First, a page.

In this parable, the Pharisee prayed loudly for all to hear about the many ways he had been obedient and righteous, comparing himself to the lowly tax collector who was also praying nearby.

However, there was a huge difference between the prayers and attitudes of these two men.

In contrast to the Pharisee’s prideful ramblings, the tax collector beat his breast and cried for God’s mercy.

Here’s a t-shirt that I think this Pharisee would have wanted to wear all around the temple courts!

What do you think?

And although I might want to attribute this slogan to the prideful Pharisee, more times than not, I’m the one living out this foolish notion.

I’m being “prideful” because I think I’m being “humble.”

Humility is one of those character qualities, fueled by God, that is absolutely essential to a healthy and thriving marriage.

That’s because we all will act in prideful ways from time to time, especially toward our spouses in the conflicts of marriage. We all need humility so that we can forgive and find healing for these hurts that come when pride rears up in our spouses.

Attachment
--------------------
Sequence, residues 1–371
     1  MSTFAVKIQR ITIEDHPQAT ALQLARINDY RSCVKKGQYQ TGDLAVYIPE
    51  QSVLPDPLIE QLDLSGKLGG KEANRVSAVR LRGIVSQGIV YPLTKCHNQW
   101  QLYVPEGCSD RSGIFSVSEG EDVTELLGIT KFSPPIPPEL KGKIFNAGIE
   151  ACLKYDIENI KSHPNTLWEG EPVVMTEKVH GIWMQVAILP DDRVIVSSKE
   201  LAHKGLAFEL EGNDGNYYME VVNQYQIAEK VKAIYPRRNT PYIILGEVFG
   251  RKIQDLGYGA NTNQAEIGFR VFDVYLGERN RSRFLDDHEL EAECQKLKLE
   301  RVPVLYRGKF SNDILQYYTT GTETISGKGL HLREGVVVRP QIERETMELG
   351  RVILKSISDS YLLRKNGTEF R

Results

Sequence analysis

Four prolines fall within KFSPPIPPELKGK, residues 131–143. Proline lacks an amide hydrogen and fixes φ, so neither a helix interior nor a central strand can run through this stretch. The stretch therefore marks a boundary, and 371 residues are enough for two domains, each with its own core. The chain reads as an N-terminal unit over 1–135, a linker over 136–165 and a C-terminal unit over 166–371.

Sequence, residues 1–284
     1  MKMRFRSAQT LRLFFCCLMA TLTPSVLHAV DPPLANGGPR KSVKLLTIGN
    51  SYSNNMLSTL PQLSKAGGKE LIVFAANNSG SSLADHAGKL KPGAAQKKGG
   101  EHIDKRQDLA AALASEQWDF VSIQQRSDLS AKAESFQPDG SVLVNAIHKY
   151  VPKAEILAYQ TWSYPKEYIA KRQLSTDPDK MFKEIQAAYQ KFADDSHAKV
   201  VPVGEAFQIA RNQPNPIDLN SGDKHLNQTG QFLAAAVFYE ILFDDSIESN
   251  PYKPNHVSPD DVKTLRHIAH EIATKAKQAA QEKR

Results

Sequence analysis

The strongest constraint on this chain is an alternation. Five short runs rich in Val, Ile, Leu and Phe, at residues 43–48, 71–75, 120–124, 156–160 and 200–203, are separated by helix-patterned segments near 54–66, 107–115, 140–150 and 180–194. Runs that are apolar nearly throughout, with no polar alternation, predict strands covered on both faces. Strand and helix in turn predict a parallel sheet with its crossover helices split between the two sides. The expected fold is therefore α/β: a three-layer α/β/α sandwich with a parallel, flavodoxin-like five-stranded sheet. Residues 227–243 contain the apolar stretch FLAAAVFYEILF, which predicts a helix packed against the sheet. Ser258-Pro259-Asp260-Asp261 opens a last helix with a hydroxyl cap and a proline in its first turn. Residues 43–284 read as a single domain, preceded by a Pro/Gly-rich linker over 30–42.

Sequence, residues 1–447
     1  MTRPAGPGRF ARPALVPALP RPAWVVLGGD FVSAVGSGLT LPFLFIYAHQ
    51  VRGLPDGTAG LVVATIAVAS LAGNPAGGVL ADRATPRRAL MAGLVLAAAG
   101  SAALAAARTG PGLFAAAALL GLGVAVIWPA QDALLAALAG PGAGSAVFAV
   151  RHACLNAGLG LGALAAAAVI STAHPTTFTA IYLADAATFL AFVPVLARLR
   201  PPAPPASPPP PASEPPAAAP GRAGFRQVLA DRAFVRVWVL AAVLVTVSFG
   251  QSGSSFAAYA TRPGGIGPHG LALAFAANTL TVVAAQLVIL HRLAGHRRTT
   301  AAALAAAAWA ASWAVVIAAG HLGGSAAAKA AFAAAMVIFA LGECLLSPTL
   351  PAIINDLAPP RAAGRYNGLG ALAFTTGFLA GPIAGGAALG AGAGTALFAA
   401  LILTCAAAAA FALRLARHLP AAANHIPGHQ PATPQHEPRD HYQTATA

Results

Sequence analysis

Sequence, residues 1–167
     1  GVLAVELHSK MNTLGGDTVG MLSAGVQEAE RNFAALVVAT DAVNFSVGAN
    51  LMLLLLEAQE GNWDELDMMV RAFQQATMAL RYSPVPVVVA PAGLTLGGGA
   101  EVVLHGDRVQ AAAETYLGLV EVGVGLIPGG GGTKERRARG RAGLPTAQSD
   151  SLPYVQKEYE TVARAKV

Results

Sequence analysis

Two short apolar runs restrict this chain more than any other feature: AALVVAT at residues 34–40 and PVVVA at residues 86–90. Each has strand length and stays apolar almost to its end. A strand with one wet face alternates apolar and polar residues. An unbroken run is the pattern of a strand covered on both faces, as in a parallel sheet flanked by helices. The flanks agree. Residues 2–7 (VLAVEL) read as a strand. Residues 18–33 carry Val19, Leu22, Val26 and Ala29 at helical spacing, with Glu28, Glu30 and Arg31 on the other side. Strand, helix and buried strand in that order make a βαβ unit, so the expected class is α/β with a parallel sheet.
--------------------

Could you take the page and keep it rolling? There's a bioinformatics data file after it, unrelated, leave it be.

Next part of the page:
So, when you feel pride rising up within you, I hope you’ll remember this along with me . . .

Be kind and compassionate to one another, forgiving each other, just as in Christ God forgave you.  —Ephesians 4:32

Recognizing that you’re just as much of a sinner as your offender—your spouse—frees you to extend mercy like Christ extended mercy to you. That’s when you can experience true healing! Healing that only Christ, His mercy and grace can do in your heart and marriage!

Won’t you join me in praying and responding to our spouses and other offenders like the humble tax collector rather than like the Pharisee?